Advertisement

Take the bull by the horns and grab the bull by the horns

  •  
  • Take the bull by the horns and grab the bull by the horns are two ways of expressing the same idiom. An idiom is a figure of speech that is a word, group of words or phrase that has a figurative meaning that is not easily deduced from its literal definition. We will examine the definition of the terms take the bull by the horns and grab the bull by the horns, where they may have come from and some examples of their use in sentences.

    To take the bull by the horns and to grab the bull by the horns are idioms that both mean to face a situation head on, especially a difficult or dangerous situation. The exact origin of the phrases take the bull by the horns and grab the bull by the horns is unknown. Many ascribe these idioms to bullfighting. Others believe they originated in the American Old West, where cowboys wrestled with cows and steers. The terms take the bull by the horns and grab the bull by the horns were first seen in the early 1700s, so both of these explanations are at best, dubious. It may be reasonable to assume that farmers have always controlled their livestock by grabbing them by the horns, and the term was in literal use long before it was used figuratively in written language.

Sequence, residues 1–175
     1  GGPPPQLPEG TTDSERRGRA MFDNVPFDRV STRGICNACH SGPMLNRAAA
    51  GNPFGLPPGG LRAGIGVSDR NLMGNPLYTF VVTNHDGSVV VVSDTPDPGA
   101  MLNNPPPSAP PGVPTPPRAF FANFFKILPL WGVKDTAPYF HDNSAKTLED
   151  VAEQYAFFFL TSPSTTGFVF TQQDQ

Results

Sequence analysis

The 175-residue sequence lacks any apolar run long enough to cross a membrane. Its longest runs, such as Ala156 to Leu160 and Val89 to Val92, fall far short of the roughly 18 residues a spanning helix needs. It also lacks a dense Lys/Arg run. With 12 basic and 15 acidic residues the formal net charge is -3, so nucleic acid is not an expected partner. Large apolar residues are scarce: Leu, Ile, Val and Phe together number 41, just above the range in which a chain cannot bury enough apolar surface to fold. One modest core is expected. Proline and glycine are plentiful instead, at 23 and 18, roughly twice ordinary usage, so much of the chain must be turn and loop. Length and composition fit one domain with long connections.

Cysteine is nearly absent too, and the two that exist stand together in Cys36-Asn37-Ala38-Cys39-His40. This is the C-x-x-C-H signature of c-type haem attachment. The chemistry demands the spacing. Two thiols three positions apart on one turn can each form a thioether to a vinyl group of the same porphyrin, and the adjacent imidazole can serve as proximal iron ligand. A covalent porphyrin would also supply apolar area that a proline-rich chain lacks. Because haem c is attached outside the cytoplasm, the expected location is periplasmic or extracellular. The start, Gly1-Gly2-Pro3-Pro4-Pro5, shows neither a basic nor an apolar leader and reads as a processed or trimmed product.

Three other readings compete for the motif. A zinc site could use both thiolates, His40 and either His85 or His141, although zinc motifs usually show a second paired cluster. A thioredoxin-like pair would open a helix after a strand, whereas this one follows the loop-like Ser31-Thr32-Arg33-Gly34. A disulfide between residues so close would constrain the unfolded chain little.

Are you proud of your English? Click here to find out

    Advertisement

    Examples

    New York needs to either change the merger process or take the bull by the horns and force schools to merge when enrollment and finances hinder a school’s ability to provide the type of education children deserve. (The Jamestown Post Journal)

    THE daughter of former Prime Minister Kevin Rudd is set to grab the bull by the horns at the board table of one of Australia’s biggest beef producers. (The Weekly Times)

    Advertisement

    Speak Your Mind

    About Grammarist
    Contact | Privacy policy | Home
    © Copyright 2009-2014 Grammarist